We Have A Right To The Freeway, But Which Freeway?

You may recall that several years ago, I wrote about a bicyclist
who was stopped by an officer for riding his bicycle on Interstate
5. For those of you who may need a refresher and those of you who
may be wondering “What are my rights regarding riding on the
freeway?” I have included below the exact language of the rule governing
the prohibition of non-motorized vehicles on our freeways:


Prohibition of Non-Motorized Vehicles on Freeways

734-20-0045 (1) Non-motorized vehicles are prohibited upon the
following segments of freeways within the State of Oregon:

(a) Portland area:

(A)The Columbia River Highway No. 2 (Banfield/I-84) from its intersection
with I-5, MP 0.00, to 122nd Avenue, MP 10.25, east bound, and
to Sandy Boulevard, MP 15.14, west bound;

(B) The Sunset Highway No. 47 easterly of the Jefferson Street
Interchange, MP 73.35;

(C) Interstate 5 (Hwy. No. 1) from the Beaverton-Tigard Highway
Interchange, MP 292.20, to the Delta Park Interchange, MP 306.70;

(D) Interstate 205 (Hwy No. 64) northerly of the Overcrossing
of the Oswego Highway No. 3, MP 8.82;

(E) Interstate 405 (Hwy. No. 81) in its entirety; and

(F) Lower Columbia Highway No. 2W from its intersection with
I-405, MPE0.00, to 23rd Street, MP 1.99.

(b) Medford area: Interstate 5 (Pacific Highway No. 1) from the
Barnet Road Interchange, MP 27.58, to the Crater Lake Highway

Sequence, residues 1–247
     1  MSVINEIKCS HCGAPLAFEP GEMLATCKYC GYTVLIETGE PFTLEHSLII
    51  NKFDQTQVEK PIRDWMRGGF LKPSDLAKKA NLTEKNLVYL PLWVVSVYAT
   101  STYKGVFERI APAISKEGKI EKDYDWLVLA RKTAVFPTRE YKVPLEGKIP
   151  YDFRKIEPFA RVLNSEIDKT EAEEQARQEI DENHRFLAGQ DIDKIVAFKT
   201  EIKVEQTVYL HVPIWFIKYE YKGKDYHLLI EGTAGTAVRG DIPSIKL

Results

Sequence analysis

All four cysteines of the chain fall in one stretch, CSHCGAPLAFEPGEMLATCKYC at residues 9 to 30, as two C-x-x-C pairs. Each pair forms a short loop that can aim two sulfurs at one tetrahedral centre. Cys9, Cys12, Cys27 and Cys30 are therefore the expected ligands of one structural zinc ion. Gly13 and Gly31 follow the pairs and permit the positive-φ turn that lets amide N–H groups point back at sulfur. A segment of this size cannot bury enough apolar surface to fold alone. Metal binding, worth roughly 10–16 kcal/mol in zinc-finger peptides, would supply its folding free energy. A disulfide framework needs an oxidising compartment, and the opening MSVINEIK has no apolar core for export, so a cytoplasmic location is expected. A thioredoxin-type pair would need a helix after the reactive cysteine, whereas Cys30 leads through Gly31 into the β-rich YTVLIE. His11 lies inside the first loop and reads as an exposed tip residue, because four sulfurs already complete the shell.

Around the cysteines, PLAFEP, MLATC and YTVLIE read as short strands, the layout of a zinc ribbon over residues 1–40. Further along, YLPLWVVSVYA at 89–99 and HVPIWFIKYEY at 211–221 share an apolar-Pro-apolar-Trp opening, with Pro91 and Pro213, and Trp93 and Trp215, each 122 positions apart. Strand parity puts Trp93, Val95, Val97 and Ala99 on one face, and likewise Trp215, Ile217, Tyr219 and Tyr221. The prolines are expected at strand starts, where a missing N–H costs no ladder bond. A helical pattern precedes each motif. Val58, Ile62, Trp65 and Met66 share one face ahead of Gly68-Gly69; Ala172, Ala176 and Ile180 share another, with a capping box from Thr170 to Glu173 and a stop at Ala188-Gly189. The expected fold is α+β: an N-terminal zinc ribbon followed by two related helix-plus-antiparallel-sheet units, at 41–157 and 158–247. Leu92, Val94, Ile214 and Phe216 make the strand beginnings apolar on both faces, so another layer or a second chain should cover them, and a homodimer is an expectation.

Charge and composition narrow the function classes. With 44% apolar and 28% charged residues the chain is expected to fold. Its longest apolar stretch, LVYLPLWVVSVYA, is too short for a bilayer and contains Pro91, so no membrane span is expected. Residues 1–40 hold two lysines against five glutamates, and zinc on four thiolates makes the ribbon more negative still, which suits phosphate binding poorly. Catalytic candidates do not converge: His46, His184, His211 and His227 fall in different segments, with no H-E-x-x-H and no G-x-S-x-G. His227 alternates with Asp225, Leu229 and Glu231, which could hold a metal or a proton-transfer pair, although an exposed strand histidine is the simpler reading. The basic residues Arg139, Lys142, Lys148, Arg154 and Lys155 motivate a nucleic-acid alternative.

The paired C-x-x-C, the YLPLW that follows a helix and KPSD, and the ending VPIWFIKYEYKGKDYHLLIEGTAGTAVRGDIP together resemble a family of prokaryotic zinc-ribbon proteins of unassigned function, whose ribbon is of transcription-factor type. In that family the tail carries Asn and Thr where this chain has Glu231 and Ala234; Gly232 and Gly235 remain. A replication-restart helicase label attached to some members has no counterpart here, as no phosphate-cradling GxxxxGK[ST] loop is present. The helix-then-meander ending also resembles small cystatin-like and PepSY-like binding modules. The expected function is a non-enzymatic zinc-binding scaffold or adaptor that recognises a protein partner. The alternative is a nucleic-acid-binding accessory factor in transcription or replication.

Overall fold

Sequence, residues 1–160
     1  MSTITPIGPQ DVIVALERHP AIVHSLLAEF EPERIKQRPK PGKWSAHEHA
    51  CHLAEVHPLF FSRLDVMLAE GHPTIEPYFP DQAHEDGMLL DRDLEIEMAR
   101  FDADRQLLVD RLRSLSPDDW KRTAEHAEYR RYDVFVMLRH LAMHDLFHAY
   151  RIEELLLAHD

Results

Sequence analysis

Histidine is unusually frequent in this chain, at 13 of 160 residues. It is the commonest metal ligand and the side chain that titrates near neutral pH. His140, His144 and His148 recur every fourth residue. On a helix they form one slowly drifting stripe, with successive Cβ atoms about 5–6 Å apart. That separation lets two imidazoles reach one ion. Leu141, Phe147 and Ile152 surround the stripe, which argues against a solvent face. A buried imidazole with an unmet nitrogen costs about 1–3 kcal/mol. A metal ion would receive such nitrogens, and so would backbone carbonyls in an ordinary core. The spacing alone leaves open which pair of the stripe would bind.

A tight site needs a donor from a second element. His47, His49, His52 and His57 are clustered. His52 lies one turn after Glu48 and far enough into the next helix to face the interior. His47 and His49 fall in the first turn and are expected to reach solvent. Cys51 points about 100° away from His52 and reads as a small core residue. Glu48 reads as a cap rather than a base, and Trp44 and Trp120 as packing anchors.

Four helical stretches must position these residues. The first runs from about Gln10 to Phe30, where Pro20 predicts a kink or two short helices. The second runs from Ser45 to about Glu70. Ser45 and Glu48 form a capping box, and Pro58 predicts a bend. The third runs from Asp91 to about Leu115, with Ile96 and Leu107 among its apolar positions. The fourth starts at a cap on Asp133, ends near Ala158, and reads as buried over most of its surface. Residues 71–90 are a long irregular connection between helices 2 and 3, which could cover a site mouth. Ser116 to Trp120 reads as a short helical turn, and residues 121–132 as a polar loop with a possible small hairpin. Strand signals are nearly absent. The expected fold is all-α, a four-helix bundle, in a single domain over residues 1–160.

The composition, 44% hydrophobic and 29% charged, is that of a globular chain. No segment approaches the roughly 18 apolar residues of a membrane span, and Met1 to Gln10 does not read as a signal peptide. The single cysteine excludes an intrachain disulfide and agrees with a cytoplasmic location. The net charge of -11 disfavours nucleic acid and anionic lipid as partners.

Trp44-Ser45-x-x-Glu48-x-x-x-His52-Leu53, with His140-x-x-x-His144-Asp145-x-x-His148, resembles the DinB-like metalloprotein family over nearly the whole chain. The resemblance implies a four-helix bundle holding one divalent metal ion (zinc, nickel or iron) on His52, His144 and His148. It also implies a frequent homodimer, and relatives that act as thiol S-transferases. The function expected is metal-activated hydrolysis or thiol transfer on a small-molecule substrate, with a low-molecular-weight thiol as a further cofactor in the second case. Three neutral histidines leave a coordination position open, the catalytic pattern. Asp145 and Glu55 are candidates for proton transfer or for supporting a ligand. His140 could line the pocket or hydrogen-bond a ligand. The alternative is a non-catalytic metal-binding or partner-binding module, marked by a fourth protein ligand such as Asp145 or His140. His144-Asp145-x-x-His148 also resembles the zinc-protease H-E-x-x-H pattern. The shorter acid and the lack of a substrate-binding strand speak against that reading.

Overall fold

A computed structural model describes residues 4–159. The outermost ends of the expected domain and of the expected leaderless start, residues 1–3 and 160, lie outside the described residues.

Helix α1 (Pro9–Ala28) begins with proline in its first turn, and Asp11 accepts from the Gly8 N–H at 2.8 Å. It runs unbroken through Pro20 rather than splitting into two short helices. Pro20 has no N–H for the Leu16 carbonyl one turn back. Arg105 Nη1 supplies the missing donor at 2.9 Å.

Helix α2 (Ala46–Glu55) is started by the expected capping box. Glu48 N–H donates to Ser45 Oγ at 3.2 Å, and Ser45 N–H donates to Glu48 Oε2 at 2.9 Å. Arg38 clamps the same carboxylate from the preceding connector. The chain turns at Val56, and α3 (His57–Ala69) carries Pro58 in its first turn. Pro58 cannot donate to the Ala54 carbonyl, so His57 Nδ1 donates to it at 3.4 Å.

Interchange, MP 30.29 (in Medford).

(2) The closure of the above sections to nonmotorized vehicles
shall become effective following the erection of adequate signing.

Please note that paragraph (2) provides that “adequate signing”
is necessary in order to give non-motorized users notice of the
closure. This means that the signs warning us off of the road must
actually be in place before we are required to use an alternative
route. No sign, no ticket.

Riders familiar with the prohibited sections of roadway will probably
agree, however, that no one would want to be on these sections of
highway without thick sheetmetal surrounding their vulnerable bodies.
One of my worst riding experiences involved trying to go eastbound
from the top of Sylvan hill in Portland down to the Jefferson Street
off ramp on the Sunset Highway, Highway 26. This section of road
is supposed to be open for non-motorized users until the Jefferson
Street off ramp (see the rules above, OAR 734- 20-045(1)(a)(B).
However, the area is narrow with little room for vehicles outside
the main traffic lanes. This is an area where drivers simultaneously
attempt to slow down and maneuver into the correct lane before they
enter the Sunset tunnel. As I rocketed down the steep hill trying
to keep my aching hands from cramping while I held tightly onto
my brakes I remember saying to myself: “So this is what it feels
like to get caught in a stampeding herd of cattle!” It was an unpleasant
scary experience.

If anyone is hassled about riding on lawful roadways, cite the
“offending officer” to the OAR; knowledge is power.